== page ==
However, even the closed ultra-Orthodox communities could not escape the atrocities of October the 7th. In addition to having members of their community among the dead and kidnapped, the gruesome job of cleaning up was handled by “Zaka,” which is largely made up of religious men.

After the atrocities of October 7th religious Jews line up to join the army

The biggest, heart warming surprise came from young religious men who insisted by the thousands to be drafted! When asked about it they responded, “We always felt pressure from our community not to join, but if we don’t help our country in this war we will be traumatized for the rest of our lives.”


Beds line the walls of convention center as Israelis come in droves to refill Israel’s emergency blood supply

Civilian Warriors

In the early days of the war, blood drive stations were set up across the country as hospitals were flooded with thousands of wounded people from the October 7th massacre. It was the early days of the war and everyone knew why they were there. But as Israelis lay on rows of beds to help others who laid in rows of beds in the hospital, someone began singing Israel’s national anthem. It’s called Hatikvah, the Hope, for a reason. Hope is the one thing we always have. It is the one thing that no matter how many times our enemies attack, no one has ever been able to take from the Jewish people.

Ori hugged by her aunt on the day she is returned from Hamas captivity

Family Warriors

One of the most beautiful stories of a miraculous rescue was the family of Ori Megidish. Pvt. Ori is a field observer who was kidnapped on October the 7th from a military base near Gaza. As a soldier (as opposed to a kidnapped civilian) the chances of her being on the list of those released was very low. That, however, did not stop her family from interceding on her behalf for her release.

Footage of friends and family marching through their house with a Torah scroll crying out to the God of Israel and declaring, “Ori, return home!” was taken just days before information came in to Israel’s intelligence forces as to her whereabouts. In an operation that included “dozens if not hundreds” of agents, Ori was found and rescued.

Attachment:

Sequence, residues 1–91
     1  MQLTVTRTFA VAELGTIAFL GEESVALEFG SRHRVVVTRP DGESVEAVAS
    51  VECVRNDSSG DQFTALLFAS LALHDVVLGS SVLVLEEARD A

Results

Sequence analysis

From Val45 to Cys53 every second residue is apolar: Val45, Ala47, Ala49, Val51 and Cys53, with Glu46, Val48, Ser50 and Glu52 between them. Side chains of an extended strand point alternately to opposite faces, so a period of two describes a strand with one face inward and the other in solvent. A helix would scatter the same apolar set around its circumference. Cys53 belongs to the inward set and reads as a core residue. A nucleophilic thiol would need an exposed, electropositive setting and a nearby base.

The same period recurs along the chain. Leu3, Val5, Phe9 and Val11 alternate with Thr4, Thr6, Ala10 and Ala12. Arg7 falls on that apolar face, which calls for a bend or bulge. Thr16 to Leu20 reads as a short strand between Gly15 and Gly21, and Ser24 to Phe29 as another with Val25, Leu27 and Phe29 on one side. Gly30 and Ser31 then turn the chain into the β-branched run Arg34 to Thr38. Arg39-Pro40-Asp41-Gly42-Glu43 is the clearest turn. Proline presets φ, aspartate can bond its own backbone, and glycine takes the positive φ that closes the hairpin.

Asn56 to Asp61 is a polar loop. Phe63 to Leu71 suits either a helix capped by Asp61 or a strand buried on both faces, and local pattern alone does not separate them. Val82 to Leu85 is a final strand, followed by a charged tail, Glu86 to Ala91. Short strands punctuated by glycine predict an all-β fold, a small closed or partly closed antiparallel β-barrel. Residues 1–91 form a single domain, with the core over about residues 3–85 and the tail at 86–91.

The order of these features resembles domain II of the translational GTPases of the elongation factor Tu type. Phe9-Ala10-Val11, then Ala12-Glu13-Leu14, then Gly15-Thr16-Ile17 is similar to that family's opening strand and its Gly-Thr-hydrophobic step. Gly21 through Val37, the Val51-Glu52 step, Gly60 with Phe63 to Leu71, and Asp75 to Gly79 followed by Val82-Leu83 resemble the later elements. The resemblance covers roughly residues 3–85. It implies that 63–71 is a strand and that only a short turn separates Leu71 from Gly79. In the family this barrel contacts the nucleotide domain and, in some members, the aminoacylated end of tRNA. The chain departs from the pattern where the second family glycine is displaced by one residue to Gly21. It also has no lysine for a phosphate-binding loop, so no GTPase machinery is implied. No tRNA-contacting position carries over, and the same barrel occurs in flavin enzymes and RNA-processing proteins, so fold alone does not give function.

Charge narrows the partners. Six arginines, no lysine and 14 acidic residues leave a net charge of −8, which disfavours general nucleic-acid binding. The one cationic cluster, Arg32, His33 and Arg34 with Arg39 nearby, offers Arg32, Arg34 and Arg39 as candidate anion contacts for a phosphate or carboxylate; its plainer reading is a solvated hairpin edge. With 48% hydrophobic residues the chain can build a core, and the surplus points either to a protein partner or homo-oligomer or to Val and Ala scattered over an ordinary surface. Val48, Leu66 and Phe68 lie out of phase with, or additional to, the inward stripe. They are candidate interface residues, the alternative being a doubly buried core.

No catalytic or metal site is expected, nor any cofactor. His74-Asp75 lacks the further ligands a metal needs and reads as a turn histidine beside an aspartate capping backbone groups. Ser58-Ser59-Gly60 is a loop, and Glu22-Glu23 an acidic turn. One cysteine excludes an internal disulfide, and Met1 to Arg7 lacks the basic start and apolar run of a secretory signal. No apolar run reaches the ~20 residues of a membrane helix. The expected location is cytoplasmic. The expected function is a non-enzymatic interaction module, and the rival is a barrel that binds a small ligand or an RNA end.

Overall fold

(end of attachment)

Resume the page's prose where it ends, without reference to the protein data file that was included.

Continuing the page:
“Our prayers to God brought our daughter home; now we turn our prayers to the rest of the hostages,” the family said in a tearful reunion.

Because of her name, the entire scene brought to mind the well-known scripture from Isaiah 60 “Kumi ORI ki ba orech” “Arise, Ori your light has come and the glory of the Lord has risen upon You!”

Men Warriors

It was 4 am on Saturday, the last day of Sukkot (Feast of Tabernacles) when Victor arrived at the Nova festival near Gaza. Camping out in the middle of the desert wasn’t exactly his style, but his friends wanted to go, and sunrise was the climax of the event. Around 6am, Victor went to his car to get his sunglasses. During the five minute walk to his car he heard explosions, but no Code Red siren. A quick check online didn’t turn up a single warning.

Victor had served in Operation Protective Edge in 2014 near the Gaza border, so he knew the area well. Turning around, he ran back to the party to get his two friends. “Something’s wrong, let’s get out of here,” he told them. They went back to the car and saw other cars also heading towards the narrow path that led onto the main road.

It was an ambush. The terrorists were waiting for them just around the corner. The cars in front of them were sprayed with bullets. Victor hit the gas and only looked long enough to realize no one from the cars in front of them survived. It was their turn to pass through the group of terrorists and the sudden silence was deafening. “I don’t know if they were refilling their cartridge or what, but they didn’t fire at us.”

Victor drove as fast as he could but nothing could prepare him for the carnage they would pass along the way. Lifeless people and cars in ditches on the side of the road. “I noticed one guy who had been shot but was still alive. We put him in the car and later dropped him off at an ambulance. At the time we didn’t know how big the event was so we just drove and eventually decided to pull into the next village we passed.  We came to a fork in the road—to the left was Kfar Azza and to the right Kibbutz Sa’ad.”

Kibbutz Sa’ad was religious so the gate was closed when they arrived, but they were let in by the civilian security team that had been alerted of “a threat.” Victor and his friends hid in a bomb shelter for hours while terrorists roamed the streets. They wouldn’t leave until the IDF (Israeli Defense Forces) finally arrived later that day.

Victor arrived home safely to the embrace of his overjoyed family but the event left him unsettled. He had fought to protect his nation before, and he needed to go do it again. It was a harrowing ordeal that we at Maoz were fervently praying through and getting updates as it was unfolding. There are more details to Victor’s story—but he left so quickly we never had time to sit down and film his testimony. However, Maoz did have the privilege of getting his entire unit some hot meals and basic needs early on in the war before they closed the area to civilians. In the meantime, Victor and five others from the Maoz staff are out in the field fighting for God’s promise of a Jewish homeland. Prayers for their safety are more than welcome!